How will you capture the attention of your audience? The first words that readers see are crucial. Will those words give a good impression? Will they motivate the reader to read on? Will they motivate the reader to care? Or to think well of your work (and of you)? Here are some suggestions for how to think about your opening words.
These considerations have taken on greater import to me than once. Once, I would have said that the ideas were all. Was the underlying story a good one? That’s what mattered. With greater maturity, I recognize that no matter how good the underlying story may be, if it is unheard/unread, it is of little value (setting aside the value that the writer may get from writing). And to get the attention of readers, the opening moves are crucial.
I’m thinking specifically in terms of my new blog, but everything I write has a beginning. What works in a blog is not the same are what works in other contexts, but the basic consideration is still the same: I want people to read what I write. How can I accomplish that? As a writer, the words I choose are the only tools I have to get people to read (well, I could include images in my blog posts, but, for better or worse, that’s not the aspect of writing that interests me). In this era of search engines, there’s a double level, in needing to get the search engines to notice and then getting readers to pay attention, but still, words are the tools I’m using.
Whether you are writing a blog or writing for publication or writing a doctoral dissertation, a good opening helps. If you give your readers something that they want, and something that interests them, then your opening moves are going to help you the rest of the way. A good first impression matters.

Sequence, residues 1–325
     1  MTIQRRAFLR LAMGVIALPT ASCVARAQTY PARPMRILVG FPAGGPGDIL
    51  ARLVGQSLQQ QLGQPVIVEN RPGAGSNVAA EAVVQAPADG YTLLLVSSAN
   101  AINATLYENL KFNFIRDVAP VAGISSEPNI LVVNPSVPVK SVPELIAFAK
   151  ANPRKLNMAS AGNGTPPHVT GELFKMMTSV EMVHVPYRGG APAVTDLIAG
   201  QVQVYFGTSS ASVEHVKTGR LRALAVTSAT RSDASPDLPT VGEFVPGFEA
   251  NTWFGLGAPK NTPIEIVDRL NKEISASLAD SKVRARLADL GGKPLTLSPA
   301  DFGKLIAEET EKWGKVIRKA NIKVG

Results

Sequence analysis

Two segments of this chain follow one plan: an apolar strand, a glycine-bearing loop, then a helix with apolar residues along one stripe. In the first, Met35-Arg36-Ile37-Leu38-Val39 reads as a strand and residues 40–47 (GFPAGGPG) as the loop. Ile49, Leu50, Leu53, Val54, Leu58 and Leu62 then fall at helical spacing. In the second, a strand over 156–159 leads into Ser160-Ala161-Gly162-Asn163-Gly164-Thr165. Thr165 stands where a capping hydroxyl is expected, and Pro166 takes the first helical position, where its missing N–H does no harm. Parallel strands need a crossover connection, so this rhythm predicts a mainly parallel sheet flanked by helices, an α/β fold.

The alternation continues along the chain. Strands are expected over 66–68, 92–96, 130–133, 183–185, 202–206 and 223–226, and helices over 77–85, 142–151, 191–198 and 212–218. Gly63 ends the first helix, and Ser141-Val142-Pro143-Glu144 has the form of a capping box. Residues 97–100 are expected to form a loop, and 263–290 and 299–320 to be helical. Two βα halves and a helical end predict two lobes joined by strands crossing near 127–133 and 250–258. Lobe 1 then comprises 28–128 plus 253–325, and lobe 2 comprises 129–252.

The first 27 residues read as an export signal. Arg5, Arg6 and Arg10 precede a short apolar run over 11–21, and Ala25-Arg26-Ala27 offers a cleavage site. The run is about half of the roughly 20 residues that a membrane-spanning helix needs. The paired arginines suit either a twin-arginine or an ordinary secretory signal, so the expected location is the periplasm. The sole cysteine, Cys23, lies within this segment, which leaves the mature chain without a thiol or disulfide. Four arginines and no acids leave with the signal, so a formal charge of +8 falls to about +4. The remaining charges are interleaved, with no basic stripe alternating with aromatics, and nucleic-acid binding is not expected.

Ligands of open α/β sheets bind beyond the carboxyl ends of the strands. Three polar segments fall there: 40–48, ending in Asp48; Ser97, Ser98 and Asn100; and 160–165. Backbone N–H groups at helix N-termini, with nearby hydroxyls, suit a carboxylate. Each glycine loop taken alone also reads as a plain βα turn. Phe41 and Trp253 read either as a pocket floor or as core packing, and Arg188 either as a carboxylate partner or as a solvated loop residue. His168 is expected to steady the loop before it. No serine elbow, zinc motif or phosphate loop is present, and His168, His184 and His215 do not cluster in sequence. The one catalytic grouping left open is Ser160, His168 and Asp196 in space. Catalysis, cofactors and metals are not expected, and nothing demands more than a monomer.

Because I’m aiming at an audience of writers, I opened with questions of concern to writers, which I hoped would spark the interest of some to read on. Different readers, of course, want different things. Your opening moves want to be particularly sensitive to these differences, because it is at the beginning of your relationship with the reader that you most need to draw them in. Once you have succeeded in getting someone interested in your work in a positive way, then you can start to pay more attention to your own interests and to discussing your own interests.
Once you have captured the attention of your reader, you want to try to anchor it by suggesting that the rest of the work offers some promise that they want fulfilled. For example, as the last sentence of my opening paragraph, I promise some suggestions for how to think of your opening words, which, I hope, is a promise that got you to read on (I suppose that if you’re reading this that it might have worked). Or, for example, if you’re writing about research, you get the reader interested in a general question, and promise to reveal interesting things about that question (or about researching that question). Or, for example, if you’re writing fiction, you foreshadow some future tension (“It is a truth universally acknowledged, that a single man in possession of a good fortune, must be in want of a wife.” — Austen), or you introduce a character (“Call me Ishmael” — Melville; “I am a sick man. I am a spiteful man…. I believe my liver is diseased.” – Dostoyevsky), or something strange and interesting (“In a hole in the ground, there lived a hobbit.”).
What you don’t want to do is answer too many questions. You want to keep the reader wanting more. If you raise good questions right at the beginning, those questions can hold a reader’s attention through descriptive detail that gives background to your work, but that might be dry in and of itself (not that a good opening is an excuse for a bad continuation, but that’s another question). To keep the reader wanting more, it’s also useful to keep the opening short, that way the reader knows you’re not going to waste too much of their time—you don’t want to earn a “tl; dr” whether literal or metaphorical. And to that end, although there’s a lot more that could be said, I’m going to wrap this up.
- The opening matters
- Pay attention to your readers’ interests
- Appeal to those interests first
- Raise questions that you don’t answer
- Keep it short